Thursday, April 12, 2012
Classic Album Review - Galactic Cowboys - Space In Your Face (1993)
When Galactic Cowboys came onto the scene they were touted as the heavier cousins of King’s X. As I was a huge King’s X fan at the time I immediately latched onto them. It took me a while to get into their debut album because it truly was much heavier than anything I’d been listening to and to this day I still find this album sonically sludgy. Their second album, Space In Your Face, cleaned up this sludge and gave the whole mess a nice polish. It retained the heaviness, much to the chagrin of my roommate at the time who couldn’t understand how I could switch from this mass of metal to Keith Green.
This second and finale Cowboys album to be produced by Sam Taylor, the same guy who produced the first four King’s X albums, spent over a year in my CD player. Say what you want about this guy, he can bring out the best in musicians. After this album they, like King’s X, dropped their producer and much of the progressive element from their sound and went more power pop. Good stuff but not the greatness of Space In Your Face.
So what’s so great about this album? I was hoping you would ask.
The title track introduces the album, 1:38 of twisting molten metal that effortlessly and playfully mangles the meter before jumping into a jazzy mid-section sure to puzzle all die-hard metalheads. Then comes “You Make Me Smile” with more non-conformity to 4/4 time signatures and an extremely aggressive speed-metal-like riff. But when the song gets to the chorus it’s all four-part vocal harmony candy. It’s also the first exhibition of their melodic prowess… this stuff is stick-in-your-head-for-weeks catchy! And not just in the vocals… the bass and guitars each lay down lines that refuse to leave your head. “I Do What I Do” is another vocal masterpiece, this time contrasting even stickier, sweeter vocal harmonies against an edgy, spooky verse. And let’s not forget the vocally intricate lead up to the chorus…. WOW! Pick a part and sing alone, will ya? And then, like in “Smile” there’s the lengthy instrumental passage at the end full of crazy chicanery. “Circles In The Fields” is a smiling poke at the then oft-reported incident of crop circles, complete with jack hammer sound effects and call/answer vocals. “If I Were A Killer” takes unique aim at abortion and abortionists. “Blind” is packed with gorgeous vocal harmonies so rich and lush that you want to eat them, contrasting softer passages with heavy crushing guitars. But ya know, I don’t think the harmonies stop once. Lyrically the song is a modern version of “I once was blind but now I see,” one of many Christian themes that run through the album.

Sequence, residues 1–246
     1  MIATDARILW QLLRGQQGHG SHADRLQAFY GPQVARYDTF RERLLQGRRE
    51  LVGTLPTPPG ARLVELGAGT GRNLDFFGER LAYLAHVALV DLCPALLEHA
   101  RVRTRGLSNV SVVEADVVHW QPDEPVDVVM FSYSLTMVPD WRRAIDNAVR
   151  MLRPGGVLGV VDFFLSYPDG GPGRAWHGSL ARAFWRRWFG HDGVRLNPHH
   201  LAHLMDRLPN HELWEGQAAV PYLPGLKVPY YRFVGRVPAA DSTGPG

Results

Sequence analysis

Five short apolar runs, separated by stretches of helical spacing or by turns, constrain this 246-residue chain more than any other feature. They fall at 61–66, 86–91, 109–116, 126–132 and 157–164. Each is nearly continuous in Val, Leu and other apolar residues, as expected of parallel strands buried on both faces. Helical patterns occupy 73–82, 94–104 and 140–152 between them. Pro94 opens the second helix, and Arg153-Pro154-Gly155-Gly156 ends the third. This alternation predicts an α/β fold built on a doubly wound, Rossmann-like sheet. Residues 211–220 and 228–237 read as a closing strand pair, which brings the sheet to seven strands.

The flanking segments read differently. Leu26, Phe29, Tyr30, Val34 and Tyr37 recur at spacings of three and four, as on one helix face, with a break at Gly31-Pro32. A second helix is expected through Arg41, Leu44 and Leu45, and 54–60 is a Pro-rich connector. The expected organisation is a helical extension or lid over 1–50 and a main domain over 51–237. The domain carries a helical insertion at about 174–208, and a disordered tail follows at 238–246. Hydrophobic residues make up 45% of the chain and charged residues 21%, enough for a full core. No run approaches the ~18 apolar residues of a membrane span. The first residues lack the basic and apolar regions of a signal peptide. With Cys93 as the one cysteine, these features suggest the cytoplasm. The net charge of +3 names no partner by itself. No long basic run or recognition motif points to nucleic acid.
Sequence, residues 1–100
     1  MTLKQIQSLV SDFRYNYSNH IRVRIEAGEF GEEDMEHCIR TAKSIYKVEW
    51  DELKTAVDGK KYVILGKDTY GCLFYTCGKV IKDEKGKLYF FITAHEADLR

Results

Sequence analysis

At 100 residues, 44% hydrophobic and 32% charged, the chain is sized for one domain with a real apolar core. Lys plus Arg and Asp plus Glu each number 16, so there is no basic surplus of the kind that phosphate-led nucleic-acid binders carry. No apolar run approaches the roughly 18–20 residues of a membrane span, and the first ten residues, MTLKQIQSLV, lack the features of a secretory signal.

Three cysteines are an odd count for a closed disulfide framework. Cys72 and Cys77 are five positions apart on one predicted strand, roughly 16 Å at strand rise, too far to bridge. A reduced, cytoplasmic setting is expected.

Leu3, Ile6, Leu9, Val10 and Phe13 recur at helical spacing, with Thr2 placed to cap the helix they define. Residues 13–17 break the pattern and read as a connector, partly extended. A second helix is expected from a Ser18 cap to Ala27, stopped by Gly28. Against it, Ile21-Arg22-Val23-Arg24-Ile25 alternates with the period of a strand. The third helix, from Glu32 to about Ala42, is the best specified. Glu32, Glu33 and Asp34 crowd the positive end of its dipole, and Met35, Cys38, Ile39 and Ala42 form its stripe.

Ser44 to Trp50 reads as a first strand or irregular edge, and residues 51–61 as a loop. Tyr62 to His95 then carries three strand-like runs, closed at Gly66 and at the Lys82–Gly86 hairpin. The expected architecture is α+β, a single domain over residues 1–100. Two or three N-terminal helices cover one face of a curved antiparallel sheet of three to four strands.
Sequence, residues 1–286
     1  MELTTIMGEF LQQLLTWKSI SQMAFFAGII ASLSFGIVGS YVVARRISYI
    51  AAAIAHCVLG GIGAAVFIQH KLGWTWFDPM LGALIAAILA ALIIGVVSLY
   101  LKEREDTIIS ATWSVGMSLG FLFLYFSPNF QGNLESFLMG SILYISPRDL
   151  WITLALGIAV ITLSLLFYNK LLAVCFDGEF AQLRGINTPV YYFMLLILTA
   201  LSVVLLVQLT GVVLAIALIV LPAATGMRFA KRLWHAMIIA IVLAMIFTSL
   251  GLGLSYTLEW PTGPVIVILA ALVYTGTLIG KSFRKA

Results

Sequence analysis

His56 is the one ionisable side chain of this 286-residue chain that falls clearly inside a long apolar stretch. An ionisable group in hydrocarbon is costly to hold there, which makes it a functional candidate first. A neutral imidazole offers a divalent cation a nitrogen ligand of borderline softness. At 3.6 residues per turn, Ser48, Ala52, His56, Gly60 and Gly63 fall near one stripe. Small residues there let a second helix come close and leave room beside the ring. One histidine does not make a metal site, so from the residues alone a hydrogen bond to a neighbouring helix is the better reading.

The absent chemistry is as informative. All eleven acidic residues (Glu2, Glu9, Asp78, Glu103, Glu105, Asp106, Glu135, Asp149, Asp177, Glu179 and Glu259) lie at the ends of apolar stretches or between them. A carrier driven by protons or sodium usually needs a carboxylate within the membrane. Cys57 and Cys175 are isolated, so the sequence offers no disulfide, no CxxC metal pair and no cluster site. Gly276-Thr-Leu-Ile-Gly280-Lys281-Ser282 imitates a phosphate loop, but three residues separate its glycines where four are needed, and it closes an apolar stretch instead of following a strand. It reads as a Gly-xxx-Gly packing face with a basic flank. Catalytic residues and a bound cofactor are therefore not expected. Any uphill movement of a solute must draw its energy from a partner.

Typical of CDs at the time, the band hid a couple of tracks. I’d read that their label only wanted nine songs and they had eleven so these were tucked away, one after ten tracks of silence and one in the negative space before track 32. It is to this final track, “Still Life of Peace,” to which I now draw your attention. Simply put, this song is astounding! It’s like nothing else I’ve ever heard and I love it, which means that most everyone else probably hates it and likes that it’s easy to skip. But where else can you hear a sitar and tabula battle against a cello? NOWHERE! Yes, sitar and tabula open the song while the boys do their vocal magic in the verse and then the song smashes into a prog-metal romp with six tons of low end. A brief instrumental passage occurs after verse two where the cello and the sitar lay down melodic solos and the song takes a brief divergence into ¾ territory before returning to the metal riff, this time with the cello joining in. They jump back and forth between ¾ land and the metal riff, sometimes only for half a measure just to keep you on your toes, and then introduce a speed metal riff into the mix. The cellos are front and center for verse three, sliding and gutsy in a manner that is not befitting a proper orchestral member.
I should mention that while I use the terms "progressive" and "prog" that's not really the focus. Yeah, the flip the beat around and have longer songs and somewhat complicated song structures, but they're no more progressive than early Metallica albums. That is, the songs and melodies are the focus and the technical flourishes are extras thrown in at no extra charge.